4 tips for maximizing cannabinoid distillation



In order for your greenhouse to perform at its best, you need to plan properly in advance to ensure that the structure and its components are well maintained and functioning properly.

Here you will find tips for ensuring adequate air circulation, cleanliness of facilities, rating of fixtures and shade curtains, as well as a special “lightning trick” of various tips for extra efficiency.

Air flow management

1. Air circulation in a greenhouse—A concept distinct from ventilation—is best achieved with horizontal airflow (HAF) or vertical airflow (VAF) fans designed for this purpose. Avoid using standard fans. HAF fans should be properly sized for the cubic feet of air mass and installed in sufficient numbers to create a circular current in your greenhouse. Air has weight, so momentum will carry it with little energy from the fans once it circulates in this pattern.

The total blower capacity in cubic feet per minute for this circulation model should be one-quarter of the greenhouse volume, according to “Greenhouse Engineering,” a Cooperative Extension publication by Robert A. Aldrich and John W. Bartok, Jr. Ideally, these fans should be built into your control system so that they stop when the fans cool the room. Otherwise, they will create turbulence that disrupts the parallel flow through the greenhouse, reducing the cooling efficiency.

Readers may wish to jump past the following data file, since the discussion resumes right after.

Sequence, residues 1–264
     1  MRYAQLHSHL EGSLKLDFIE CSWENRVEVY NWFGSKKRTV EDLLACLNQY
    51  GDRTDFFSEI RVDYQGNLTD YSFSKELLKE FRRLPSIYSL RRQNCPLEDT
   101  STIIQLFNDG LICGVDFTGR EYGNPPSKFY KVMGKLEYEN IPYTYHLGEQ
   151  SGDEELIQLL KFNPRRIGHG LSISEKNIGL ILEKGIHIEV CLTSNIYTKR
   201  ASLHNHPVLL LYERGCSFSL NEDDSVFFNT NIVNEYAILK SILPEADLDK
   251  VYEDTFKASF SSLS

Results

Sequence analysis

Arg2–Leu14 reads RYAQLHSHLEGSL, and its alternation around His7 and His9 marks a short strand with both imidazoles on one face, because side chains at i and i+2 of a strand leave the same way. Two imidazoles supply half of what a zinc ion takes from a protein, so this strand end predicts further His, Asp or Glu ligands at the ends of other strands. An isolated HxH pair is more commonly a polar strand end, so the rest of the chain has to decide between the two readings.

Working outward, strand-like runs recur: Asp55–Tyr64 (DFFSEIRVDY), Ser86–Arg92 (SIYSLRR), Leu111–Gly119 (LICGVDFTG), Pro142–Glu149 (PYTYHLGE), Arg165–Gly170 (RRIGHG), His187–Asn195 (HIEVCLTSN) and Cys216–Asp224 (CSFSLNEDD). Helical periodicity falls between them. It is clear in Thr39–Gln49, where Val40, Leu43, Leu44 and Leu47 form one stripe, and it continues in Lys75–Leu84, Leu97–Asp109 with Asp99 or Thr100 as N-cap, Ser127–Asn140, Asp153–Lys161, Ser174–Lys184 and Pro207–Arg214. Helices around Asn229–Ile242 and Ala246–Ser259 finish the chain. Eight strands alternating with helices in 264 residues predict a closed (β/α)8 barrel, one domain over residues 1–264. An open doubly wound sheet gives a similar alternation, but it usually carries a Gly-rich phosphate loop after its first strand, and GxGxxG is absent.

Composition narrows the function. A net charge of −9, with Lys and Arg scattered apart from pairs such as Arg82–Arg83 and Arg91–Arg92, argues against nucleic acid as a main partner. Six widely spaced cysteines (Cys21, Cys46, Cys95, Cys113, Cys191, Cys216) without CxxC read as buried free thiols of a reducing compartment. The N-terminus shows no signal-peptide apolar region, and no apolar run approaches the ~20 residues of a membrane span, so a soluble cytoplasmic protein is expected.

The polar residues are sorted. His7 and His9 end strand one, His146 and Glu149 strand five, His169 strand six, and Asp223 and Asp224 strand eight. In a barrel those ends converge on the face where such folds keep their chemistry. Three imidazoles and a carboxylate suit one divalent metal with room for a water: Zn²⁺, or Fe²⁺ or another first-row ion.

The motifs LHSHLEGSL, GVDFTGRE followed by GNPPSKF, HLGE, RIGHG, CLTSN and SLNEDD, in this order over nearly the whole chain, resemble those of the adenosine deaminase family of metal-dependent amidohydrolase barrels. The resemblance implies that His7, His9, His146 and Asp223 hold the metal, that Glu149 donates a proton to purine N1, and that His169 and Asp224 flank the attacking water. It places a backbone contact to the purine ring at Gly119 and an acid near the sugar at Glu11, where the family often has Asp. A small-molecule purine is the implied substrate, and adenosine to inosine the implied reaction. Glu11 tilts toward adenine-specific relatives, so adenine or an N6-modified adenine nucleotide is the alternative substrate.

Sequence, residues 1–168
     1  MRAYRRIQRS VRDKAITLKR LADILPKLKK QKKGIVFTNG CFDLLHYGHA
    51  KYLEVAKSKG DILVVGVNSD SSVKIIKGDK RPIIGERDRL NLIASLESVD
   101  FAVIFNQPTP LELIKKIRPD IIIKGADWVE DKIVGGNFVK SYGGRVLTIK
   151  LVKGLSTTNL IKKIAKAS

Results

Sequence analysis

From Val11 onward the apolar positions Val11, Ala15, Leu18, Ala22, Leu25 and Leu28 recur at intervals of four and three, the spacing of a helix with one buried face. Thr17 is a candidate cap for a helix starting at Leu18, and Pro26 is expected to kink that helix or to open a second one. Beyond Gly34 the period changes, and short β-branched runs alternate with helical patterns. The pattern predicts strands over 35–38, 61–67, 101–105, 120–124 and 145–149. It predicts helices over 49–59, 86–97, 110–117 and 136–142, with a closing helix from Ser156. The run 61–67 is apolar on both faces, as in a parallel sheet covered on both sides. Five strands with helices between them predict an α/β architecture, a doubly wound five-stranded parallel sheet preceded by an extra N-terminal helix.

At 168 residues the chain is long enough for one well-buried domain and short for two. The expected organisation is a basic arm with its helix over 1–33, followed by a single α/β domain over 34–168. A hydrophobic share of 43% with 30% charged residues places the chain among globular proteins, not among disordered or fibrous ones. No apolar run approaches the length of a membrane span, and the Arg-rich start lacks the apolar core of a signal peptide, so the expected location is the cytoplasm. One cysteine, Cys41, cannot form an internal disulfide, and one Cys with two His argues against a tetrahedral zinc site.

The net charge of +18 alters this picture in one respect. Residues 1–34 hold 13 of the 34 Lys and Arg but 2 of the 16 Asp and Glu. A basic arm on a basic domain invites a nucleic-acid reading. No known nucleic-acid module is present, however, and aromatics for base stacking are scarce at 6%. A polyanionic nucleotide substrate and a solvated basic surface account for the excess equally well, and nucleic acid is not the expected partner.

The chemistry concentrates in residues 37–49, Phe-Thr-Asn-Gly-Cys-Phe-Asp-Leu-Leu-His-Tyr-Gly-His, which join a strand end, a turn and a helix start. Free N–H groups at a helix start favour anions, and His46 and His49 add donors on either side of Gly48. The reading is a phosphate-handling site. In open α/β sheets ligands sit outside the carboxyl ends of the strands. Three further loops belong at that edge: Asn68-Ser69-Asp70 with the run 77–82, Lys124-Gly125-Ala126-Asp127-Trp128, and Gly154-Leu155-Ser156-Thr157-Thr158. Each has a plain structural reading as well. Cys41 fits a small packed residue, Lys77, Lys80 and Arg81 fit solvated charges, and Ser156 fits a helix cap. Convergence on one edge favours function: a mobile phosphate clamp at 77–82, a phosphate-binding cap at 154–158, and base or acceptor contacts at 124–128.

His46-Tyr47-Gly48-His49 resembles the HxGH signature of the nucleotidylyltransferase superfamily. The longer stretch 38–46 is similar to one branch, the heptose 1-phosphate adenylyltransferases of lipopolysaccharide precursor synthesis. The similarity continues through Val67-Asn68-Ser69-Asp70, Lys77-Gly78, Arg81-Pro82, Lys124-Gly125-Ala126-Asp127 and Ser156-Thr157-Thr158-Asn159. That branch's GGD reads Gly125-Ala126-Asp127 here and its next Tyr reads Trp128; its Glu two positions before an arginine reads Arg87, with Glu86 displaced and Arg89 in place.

The advantage of VAF fans is that they can pull air upward through the canopy, reducing stagnant air in the lower foliage. Typical cannabis installations are a fan for an area of ​​30 to 50 feet in diameter (707 square feet to 1,964 square feet). The bottom of VAF fans should be at least 3 feet above the maximum height of the canopy. VAF and HAF fans should not be used at the same time.

2. Air circulation speed should be at least 50 feet per minute (ft / min). At the very least, you should see some float in your leaves at their maximum height and density.


3. Keep the walls and roof clean, but don’t ask your team to clean them. The estimated light transmission loss of dirty greenhouse roofs ranges from 5-10%.

Here’s a scary but true story: At the university greenhouse that I managed for 20 years, I established a policy that no one other than me could have their feet more than 6 feet off the ground on a ladder or scaffolding. It was after being shaken by news that an employee who was cleaning the glass roof of another university facility was seriously injured when she fell through the glass and landed on the metal benches inside.

4.I would recommend hiring a professional and assured greenhouse service team to clean your coatings if you have a wide range. For homes connected to gutters, robotic units (which roll along tops, scrub and rinse) can be purchased. If you are taking on this task, rent electric elevators and have your staff use them for pressure washing glass or rigid plastic, at the very least. Avoid using ladders or “walking in the gutters” as there is nothing to attach to for your safety.